Former U.S. Army Private Chelsea Manning was hospitalized on Tuesday after what is believed to be a suicide attempt, Army officials told CNN. Manning was taken to a local hospital near the U.S. Disciplinary Barracks (USDB), a men’s maximum-security prison at Fort Leavenworth, Kansas, where she is currently being housed as she serves out a 35-year prison sentence.
A U.S. Army spokesman confirmed to CNN that Manning had been taken to the hospital “during the early hours of July 5th,” but was later released and returned to the barracks. That spokesman also said that officials “continue to monitor the inmate’s condition.”
A separate official told CNN that the hospitalization was for what is believed to be a suicide attempt. But Manning’s legal team has been unable to confirm whether that is true. Nancy Hollander, the lead attorney for Manning’s defense team, issued a statement blasting Army officials for revealing personal medical information to the press without notifying her legal team of her status.
“We’re shocked and outraged that an official at Leavenworth contacted the press with private confidential medical information about Chelsea Manning yet no one at the Army has given a shred of information to her legal team,” Hollander said.
“I had a privileged call scheduled with Chelsea at 2 p.m. Leavenworth time yesterday, after the Army has now said she was hospitalized, but the Army gave the excuse — which I now believe to be an outright lie — that the call could not be connected although my team was waiting by the phone,” Hollander continued. “Despite the fact that they have reached out to the media, and that any other prison will connect an emergency call, the Army has told her lawyers that the earliest time that they will accommodate a call between her lawyers and Chelsea is Friday morning. We call on the Army to immediately connect Chelsea Manning to her lawyers and friends who care deeply about her well-being and are profoundly distressed by the complete lack of official communication about Chelsea’s current situation.”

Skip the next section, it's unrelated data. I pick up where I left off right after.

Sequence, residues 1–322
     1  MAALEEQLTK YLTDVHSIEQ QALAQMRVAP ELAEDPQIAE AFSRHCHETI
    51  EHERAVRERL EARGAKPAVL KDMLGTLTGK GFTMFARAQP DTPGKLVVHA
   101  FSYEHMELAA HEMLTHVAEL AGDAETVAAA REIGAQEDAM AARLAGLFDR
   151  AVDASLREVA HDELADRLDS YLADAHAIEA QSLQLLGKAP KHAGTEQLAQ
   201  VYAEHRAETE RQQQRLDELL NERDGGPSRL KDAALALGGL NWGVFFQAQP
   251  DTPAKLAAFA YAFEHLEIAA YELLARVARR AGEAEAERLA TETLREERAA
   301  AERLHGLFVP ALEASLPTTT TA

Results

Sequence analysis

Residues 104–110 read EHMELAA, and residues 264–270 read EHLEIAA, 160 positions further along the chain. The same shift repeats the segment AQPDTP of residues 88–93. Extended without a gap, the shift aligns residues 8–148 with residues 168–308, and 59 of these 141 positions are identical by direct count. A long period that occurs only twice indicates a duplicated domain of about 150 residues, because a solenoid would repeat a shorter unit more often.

Manning rose to prominence after she was convicted for releasing more than 700,000 government files containing sensitive information to the online government watchdog site Wikileaks, in what was one of the largest leaks of classified documents in American history. Her lawyers have insisted that she was acting as a “whistleblower” in releasing videos, diplomatic cables and other information relating mostly to the wars in Iraq and Afghanistan. They have since appealed her conviction, arguing it is much harsher than most other sentences for people who have disclosed classified information.
Since arriving at the USDB, Manning and her lawyers have been engaged in a back-and-forth with the Army and the U.S. Department of Defense over whether she has been able to receive treatment for her gender dysphoria. Initially, the Department of Defense refused to provide Manning with treatment, prompting her to sue then-Secretary of Defense Chuck Hagel and other high-ranking officials.
The government settled the lawsuit, agreeing to allow Manning to receive hormone therapy, speech therapy and cosmetics. But it refused to allow her to grow out her hair, instead demanding that she comply with regulations for male prisoners requiring hair no more than two inches in length. Manning and her lawyers subsequently filed another lawsuit, arguing that growing her hair is part of embracing her identity as a woman, which is part of her treatment for gender dysphoria.
This article was updated to include remarks from Nancy Hollander, lead attorney for Manning’s defense team.
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